- By Liza Torborg
Weekend Wellness: Treating or not treating unruptured brain aneurysm
DEAR MAYO CLINIC: During a recent MRI, my doctor detected a small, unruptured brain aneurysm. What could have caused this? How do you decide whether or not to treat an unruptured aneurysm?
ANSWER: A brain aneurysm is a bulge or balloon in a blood vessel in the brain. If it ruptures, a brain aneurysm can lead to serious health problems. But most small brain aneurysms do not rupture or require treatment. The decision to treat or not is based on a variety of considerations.
Arteries are blood vessels that bring blood from your heart to the rest of your body. They have thick walls with a smooth, thin inner lining. Over time, weak spots can develop in artery walls. When that happens, a bulge can develop. The bulge may progress to form a balloon shaped pouch on the artery, which is called an aneurysm.
A number of risk factors can affect your chances of developing a brain aneurysm. Brain aneurysms become more common with older age. High blood pressure can increase the likelihood of an aneurysm. Some brain aneurysms can be caused by blood infections or head injuries. Certain behaviors, such as smoking and using recreational drugs, also can raise the risk.
A brain aneurysm is a concern because it can leak or rupture, causing bleeding into or around the brain, a condition known as a hemorrhagic stroke. A ruptured aneurysm can quickly become life-threatening and requires prompt medical treatment.
Most brain aneurysms, however, don’t rupture, create health problems or cause symptoms. Such aneurysms are often detected during tests performed for other conditions or unrelated symptoms. When an unruptured aneurysm is found, there are many factors that go into the decision of whether or not to treat it.
Your physician compares the risk of rupture if the aneurysm is left alone to the risk of treatment. The aneurysm size, location and overall appearance play a role in the treatment decision, as do your health and medical history. Family history makes a difference, too. Research suggests that people with a parent, brother, sister or child who have had a ruptured brain aneurysm may be more likely to have one as well. Carefully considering this information can help you and your doctor weigh the risks and benefits of treating a brain aneurysm versus monitoring it.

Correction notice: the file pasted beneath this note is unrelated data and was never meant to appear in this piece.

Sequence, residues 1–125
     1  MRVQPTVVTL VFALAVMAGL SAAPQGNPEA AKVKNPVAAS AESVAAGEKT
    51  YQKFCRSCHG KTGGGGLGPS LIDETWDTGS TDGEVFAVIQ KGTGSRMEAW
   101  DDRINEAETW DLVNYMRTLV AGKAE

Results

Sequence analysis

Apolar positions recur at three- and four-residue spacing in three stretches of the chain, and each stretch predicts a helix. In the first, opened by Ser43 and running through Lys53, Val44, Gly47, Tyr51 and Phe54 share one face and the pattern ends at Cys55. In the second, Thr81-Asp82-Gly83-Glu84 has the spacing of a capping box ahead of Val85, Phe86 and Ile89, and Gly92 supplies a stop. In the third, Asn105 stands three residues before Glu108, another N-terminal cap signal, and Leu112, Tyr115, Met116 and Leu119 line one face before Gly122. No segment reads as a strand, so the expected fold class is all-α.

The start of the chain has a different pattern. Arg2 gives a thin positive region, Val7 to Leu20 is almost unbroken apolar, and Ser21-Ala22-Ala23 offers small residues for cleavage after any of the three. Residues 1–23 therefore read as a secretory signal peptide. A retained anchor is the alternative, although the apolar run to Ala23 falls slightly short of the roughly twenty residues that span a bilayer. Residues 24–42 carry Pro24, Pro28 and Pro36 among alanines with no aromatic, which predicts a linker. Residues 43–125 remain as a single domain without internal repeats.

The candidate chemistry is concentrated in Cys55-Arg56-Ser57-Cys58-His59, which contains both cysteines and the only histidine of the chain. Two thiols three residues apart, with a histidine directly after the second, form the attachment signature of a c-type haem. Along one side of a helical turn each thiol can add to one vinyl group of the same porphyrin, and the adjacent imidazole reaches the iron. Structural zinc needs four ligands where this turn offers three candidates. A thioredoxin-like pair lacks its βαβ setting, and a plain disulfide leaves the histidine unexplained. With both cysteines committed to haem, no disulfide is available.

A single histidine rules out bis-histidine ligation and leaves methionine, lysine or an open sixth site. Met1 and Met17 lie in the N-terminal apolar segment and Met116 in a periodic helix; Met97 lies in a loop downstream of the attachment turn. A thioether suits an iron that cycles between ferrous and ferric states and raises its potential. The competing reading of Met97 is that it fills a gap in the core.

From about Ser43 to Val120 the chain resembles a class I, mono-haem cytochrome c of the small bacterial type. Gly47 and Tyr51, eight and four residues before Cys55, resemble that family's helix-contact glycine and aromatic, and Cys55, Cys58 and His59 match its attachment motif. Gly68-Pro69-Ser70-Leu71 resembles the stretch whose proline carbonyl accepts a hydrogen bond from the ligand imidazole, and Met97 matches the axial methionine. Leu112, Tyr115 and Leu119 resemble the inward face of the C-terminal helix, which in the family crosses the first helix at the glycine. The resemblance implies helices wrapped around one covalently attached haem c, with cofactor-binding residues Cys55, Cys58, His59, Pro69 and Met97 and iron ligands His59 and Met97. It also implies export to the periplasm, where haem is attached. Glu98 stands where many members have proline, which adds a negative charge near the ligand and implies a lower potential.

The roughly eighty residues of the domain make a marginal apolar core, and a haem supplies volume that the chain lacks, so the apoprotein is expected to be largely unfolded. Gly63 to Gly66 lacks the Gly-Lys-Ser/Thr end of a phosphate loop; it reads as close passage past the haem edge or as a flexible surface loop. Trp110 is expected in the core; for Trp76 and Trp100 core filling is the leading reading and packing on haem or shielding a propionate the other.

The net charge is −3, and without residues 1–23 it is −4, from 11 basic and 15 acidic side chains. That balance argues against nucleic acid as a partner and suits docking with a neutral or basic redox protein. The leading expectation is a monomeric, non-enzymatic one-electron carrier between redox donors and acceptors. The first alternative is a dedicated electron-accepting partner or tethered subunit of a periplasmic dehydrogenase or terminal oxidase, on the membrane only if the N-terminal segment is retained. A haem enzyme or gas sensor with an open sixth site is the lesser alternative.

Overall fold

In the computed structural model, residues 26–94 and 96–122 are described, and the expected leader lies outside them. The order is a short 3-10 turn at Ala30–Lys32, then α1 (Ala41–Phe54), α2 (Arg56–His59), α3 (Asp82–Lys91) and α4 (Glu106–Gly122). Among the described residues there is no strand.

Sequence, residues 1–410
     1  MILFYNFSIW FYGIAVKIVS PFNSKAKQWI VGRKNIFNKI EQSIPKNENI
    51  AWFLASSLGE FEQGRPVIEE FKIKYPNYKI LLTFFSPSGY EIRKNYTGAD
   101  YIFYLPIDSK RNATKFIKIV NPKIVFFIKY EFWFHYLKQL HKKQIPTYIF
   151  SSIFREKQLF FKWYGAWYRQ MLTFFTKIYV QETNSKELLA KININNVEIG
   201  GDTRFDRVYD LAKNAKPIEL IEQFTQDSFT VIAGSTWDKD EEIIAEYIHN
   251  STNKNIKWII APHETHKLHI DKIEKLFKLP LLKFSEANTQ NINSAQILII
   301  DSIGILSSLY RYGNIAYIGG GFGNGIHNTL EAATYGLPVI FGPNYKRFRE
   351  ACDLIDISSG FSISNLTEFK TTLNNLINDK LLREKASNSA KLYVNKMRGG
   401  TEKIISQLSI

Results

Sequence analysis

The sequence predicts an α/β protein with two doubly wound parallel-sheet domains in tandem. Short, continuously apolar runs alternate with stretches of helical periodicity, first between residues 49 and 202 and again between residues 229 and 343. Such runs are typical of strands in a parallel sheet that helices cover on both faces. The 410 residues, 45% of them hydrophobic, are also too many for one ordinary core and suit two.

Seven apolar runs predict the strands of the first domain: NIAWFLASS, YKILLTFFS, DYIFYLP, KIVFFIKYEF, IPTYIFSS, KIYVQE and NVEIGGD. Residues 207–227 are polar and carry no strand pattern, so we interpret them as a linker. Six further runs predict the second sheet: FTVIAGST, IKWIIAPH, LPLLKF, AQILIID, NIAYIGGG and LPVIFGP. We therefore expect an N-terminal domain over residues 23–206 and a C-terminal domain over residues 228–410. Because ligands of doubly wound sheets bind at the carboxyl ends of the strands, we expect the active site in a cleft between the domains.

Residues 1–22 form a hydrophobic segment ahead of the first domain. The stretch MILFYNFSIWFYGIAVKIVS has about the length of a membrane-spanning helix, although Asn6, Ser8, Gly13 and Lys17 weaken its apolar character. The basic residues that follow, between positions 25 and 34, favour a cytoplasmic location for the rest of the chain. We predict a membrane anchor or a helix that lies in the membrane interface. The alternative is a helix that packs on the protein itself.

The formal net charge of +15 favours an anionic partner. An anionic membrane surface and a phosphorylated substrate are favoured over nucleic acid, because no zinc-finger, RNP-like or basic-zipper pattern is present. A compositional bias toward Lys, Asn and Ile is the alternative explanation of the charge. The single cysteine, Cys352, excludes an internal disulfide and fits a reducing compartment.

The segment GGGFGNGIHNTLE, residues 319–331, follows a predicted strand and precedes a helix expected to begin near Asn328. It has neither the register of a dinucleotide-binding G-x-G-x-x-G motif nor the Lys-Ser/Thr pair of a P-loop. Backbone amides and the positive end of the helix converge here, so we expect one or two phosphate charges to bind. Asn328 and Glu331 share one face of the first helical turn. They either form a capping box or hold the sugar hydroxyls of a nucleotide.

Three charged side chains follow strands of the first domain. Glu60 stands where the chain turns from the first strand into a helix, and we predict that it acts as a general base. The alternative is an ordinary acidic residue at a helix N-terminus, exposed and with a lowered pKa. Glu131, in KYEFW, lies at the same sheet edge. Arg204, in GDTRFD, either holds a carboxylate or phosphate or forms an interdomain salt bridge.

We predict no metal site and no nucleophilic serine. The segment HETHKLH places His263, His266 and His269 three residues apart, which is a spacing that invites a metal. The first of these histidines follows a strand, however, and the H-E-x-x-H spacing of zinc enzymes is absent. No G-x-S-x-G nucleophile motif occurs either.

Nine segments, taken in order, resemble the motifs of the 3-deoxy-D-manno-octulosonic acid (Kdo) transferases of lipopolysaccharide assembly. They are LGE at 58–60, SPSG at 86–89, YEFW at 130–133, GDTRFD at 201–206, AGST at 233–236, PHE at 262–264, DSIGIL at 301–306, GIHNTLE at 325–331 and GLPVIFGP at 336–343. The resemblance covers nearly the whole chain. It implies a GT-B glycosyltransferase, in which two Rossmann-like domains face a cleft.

If you decide to go ahead with treatment, several options are available. The first is microvascular clipping. During this procedure, a neurosurgeon removes a small section of the skull to access the aneurysm. The surgeon then locates the blood vessel that feeds the aneurysm and places a tiny metal clip across the base of the aneurysm to stop blood flow into it.
A second option is endovascular embolization. This is a less invasive alternative to surgical clipping. The doctor inserts a small plastic tube, or catheter, into an artery and threads it through your body into the brain arteries and then directly into the aneurysm. A spiral of soft platinum wire is pushed through the catheter. The wire immediately coils up inside the aneurysm, reducing blood flow into it.
A third treatment option, developed in the last several years, uses a device called a flow diverter. This small mesh device is placed over the aneurysm during a procedure similar to that of endovascular embolization. After the device is in place, blood flow to the aneurysm falls significantly. In many cases the aneurysm disappears.
If you decide not to treat the aneurysm, talk with your doctor about a monitoring schedule that’s right for you. Imaging exams may be performed from time to time to make sure the aneurysm is not getting bigger. You may be able to lower your risk of rupture by controlling high blood pressure, not smoking or using recreational drugs, exercising regularly, and, if you drink alcohol, only doing so in moderation. — Robert D. Brown, Jr., M.D., Neurology, Mayo Clinic, Rochester, Minn.